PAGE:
Basalt is a dark-colored, fine-grained, igneous volcanic rock which is hard and dense. Individual mineral crystals are typically hard to see with the naked eye, although some kinds can contain larger crystals, or it may have holes that are empty (bubbles) or filled with other minerals.  Basalts are generally black or dark grey and polish well.  As a result, they are not easily scratched by metal objects. Basalt is often used for paving and ocasionally for wall construction.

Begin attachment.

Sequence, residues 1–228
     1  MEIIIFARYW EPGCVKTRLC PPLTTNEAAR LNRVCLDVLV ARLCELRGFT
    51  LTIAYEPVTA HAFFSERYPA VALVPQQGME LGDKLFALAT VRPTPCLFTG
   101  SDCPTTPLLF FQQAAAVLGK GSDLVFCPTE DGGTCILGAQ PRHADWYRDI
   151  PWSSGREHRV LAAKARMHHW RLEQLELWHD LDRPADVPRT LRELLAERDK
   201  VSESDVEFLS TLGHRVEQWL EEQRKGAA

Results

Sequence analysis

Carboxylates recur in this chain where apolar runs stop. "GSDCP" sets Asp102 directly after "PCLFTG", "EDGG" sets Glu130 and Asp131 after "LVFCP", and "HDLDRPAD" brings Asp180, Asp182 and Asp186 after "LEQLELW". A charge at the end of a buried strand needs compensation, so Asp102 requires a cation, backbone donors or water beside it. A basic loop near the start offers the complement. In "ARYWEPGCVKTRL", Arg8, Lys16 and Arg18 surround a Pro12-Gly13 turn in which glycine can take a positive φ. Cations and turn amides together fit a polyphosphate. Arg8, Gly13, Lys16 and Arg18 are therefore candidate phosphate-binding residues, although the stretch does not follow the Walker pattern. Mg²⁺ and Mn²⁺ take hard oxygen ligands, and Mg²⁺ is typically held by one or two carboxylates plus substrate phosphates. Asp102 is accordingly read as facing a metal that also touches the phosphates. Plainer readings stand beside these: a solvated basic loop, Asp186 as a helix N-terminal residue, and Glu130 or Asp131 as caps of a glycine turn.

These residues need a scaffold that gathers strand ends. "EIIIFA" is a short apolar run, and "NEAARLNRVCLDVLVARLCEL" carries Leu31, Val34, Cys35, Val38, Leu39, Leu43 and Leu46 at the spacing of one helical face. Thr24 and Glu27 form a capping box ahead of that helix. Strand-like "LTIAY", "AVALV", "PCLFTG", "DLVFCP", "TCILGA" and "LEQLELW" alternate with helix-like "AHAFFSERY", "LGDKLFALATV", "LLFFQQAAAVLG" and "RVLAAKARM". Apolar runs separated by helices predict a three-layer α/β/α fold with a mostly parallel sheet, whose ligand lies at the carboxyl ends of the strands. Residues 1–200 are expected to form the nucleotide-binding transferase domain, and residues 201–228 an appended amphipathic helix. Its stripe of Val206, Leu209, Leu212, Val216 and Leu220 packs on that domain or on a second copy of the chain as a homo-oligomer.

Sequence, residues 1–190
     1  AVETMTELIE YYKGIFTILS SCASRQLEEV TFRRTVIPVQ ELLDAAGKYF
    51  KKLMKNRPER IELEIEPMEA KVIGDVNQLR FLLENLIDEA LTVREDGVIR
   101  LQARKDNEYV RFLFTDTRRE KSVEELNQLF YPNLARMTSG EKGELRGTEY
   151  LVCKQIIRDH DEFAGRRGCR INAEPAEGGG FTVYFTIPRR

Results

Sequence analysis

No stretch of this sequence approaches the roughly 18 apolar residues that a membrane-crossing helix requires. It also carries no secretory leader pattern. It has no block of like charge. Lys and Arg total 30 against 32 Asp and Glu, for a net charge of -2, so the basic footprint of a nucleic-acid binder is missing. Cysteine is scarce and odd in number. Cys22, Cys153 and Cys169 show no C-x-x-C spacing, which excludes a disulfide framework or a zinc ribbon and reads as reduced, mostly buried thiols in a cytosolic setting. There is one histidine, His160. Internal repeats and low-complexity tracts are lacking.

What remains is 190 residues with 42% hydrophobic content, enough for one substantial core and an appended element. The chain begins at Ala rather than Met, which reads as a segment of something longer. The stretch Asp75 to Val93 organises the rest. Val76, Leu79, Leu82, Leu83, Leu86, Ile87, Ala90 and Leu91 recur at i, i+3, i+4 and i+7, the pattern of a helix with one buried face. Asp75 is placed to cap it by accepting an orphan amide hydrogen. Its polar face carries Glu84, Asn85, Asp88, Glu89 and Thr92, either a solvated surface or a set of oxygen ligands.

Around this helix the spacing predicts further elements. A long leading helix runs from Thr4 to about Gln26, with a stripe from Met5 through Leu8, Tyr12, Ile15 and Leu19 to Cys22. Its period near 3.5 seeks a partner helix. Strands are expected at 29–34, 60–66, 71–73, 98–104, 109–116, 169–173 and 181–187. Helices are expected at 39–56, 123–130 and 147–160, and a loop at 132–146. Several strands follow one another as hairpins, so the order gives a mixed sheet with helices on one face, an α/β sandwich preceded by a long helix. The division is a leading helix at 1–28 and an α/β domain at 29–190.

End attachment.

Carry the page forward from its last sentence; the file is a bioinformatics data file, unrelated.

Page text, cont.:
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Stone masonry building - walls are likely to be a mix of basalt and trachyte stones with variation in block size and colour (J. Bothara)

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A stone masonry building built in 1920s in Christchurch, New Zealand; exterior stonework is Halswell basalt with Oamaru limestone facings (W. Clark)

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A 19th century stone masonry construction: exterior wall wythe is fine grained grey Halswell basalt, with facing stones and base course of pinkish-brown Port Hills trachyte and string courses of speckled Hoon Hay basalt; Canterbury Provincial Buildings complex, Christchurch, New Zealand (W. Clark)